Kudos to Humility Homes and Services and other organizations that collaborated to ensure adults needing emergency overnight shelter this winter in Davenport will have it. Last year, 400 adults who had nowhere else to go took shelter at the Quad Cities Winter Emergency Shelter.
What about individuals seeking shelter throughout the 22 counties in the Diocese of Davenport? In this Advent season, how are we making room at the inn, temporarily and permanently?
A partnership of agencies in the Quad Cities raced to raise the necessary funds to keep the Quad Cities’ only “overflow” shelter open this winter — from Dec. 1 through April 15. Humility Homes and Services (HHS), founded by the Congregation of the Humility of Mary, will manage the shelter this year. The agency already operates a 70-bed, emergency shelter and has the expertise to manage the Quad Cities Winter Emergency Shelter west of downtown Davenport.
Meanwhile, the Quad Cities Housing Cluster and Scott County Housing Council (HHS is a partner) are coordinating efforts on a Winter Emergency Shelter Plan “to make homelessness rare and brief.” That’s a good start to making temporary room at the inn.
These initiatives respond to immediate needs. The late Msgr. Marvin Mottet would remind us that we need to attend to both feet of social action: meeting such needs and working for systemic change. In this case, we are also called to address the affordable housing crisis throughout Iowa.
Iowa Housing Partnership reports in its “Out of Reach Iowa 2018/The High Cost of Housing” study that “minimum wage earners must work more than 50 hours a week to pay for a one-bedroom apartment anywhere in the state.” Even an efficiency apartment would require these workers to put in more than 40 hours of work per week.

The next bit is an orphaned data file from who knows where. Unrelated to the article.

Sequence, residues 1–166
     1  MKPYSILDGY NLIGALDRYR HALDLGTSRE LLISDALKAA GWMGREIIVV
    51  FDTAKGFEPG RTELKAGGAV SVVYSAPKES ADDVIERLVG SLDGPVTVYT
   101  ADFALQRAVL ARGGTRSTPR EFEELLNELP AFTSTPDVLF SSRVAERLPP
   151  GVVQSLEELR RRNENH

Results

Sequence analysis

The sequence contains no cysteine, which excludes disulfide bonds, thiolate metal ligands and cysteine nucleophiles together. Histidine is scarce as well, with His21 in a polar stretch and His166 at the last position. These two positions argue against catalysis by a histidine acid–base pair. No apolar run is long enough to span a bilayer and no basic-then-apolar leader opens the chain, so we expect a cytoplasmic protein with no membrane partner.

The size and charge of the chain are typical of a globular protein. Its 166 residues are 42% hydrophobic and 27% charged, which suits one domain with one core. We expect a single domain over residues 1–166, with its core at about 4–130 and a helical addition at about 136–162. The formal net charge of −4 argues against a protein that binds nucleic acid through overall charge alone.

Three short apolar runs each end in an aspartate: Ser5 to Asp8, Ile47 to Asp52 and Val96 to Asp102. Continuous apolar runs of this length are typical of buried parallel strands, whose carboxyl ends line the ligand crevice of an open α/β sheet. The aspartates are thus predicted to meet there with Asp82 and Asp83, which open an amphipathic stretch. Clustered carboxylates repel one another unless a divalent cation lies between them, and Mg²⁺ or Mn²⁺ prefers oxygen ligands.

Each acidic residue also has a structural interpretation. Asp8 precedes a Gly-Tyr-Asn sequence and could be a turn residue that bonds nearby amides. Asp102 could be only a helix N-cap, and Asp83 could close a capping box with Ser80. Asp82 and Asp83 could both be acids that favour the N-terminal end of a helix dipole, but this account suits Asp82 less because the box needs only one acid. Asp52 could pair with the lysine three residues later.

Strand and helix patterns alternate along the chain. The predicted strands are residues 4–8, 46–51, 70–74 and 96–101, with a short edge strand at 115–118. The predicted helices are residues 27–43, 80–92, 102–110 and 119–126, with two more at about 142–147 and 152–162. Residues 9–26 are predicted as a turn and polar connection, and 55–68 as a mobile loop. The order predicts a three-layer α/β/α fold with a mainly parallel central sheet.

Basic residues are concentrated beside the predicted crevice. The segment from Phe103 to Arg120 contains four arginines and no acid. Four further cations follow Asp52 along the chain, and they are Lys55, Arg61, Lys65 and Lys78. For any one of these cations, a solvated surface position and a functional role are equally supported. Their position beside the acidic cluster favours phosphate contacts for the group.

An Analysis of Housing in Iowa, Sept. 2017, Institute for Community Alliance Report states that in Clinton County, 2,625 people are looking for affordable housing. Just 337 affordable units are available. In Muscatine County, 1,835 people are looking for affordable housing; 110 units are available. In Scott County, 7,155 people are looking for affordable housing; 423 units are available. How are we making room at the inn for them?
“Families are stronger and more stable when they have a place to call home. Neighborhoods are safer when people are not constantly moving in and out of neighborhoods,” says John De Taeye, director of development for HHS. “There’s all kinds of research that shows that kids are healthier and more productive in school when they don’t have to worry about which hotel or car or parking lot they’re going to have to sleep in that night. … Our regular shelter is not the solution. We have to have more affordable housing.”
Using the analogy of a rapidly filling bathtub to describe the affordable housing crisis, “We can’t drain the bathtub fast enough without a place to go,” says Christie Adamson, chief operating officer of HHS. Access to living-wage jobs, good schools and mental health services will help slow but not stop the flow unless housing is affordable. How are we as a society making room at the inn, especially for people with barriers such as a criminal record? Consider these possible responses:
• Landlords: are you willing to offer rental units to people with limited income or other barriers?
• If you know a landlord: Ask her/him about renting to people searching for affordable housing.
•Ask your county board of supervisors to prioritize funding for its county housing trust fund.
•Ask your city council members what they are doing to create affordable housing in their communities.
•Ask your community what it is doing to reinvest in and stabilize neighborhoods.
• Visit the HHS website for more information: www.humilityhomes.org.
“We are paying for housing instability and homelessness — one way or another — through our emergency rooms, our slipping outcomes in our local schools, our folks who have to work two or three or four jobs to pay rent and who can’t stay home with the kids. Or we can invest in more homes affordable to more people,” De Taeye said.
Yes, we need to make room at the inn for a temporary crisis. But just like Mary and Joseph, every family needs a permanent home in which to grow and thrive. Our faith calls us to make that possibility a reality.
Barb Arland-Fye, Editor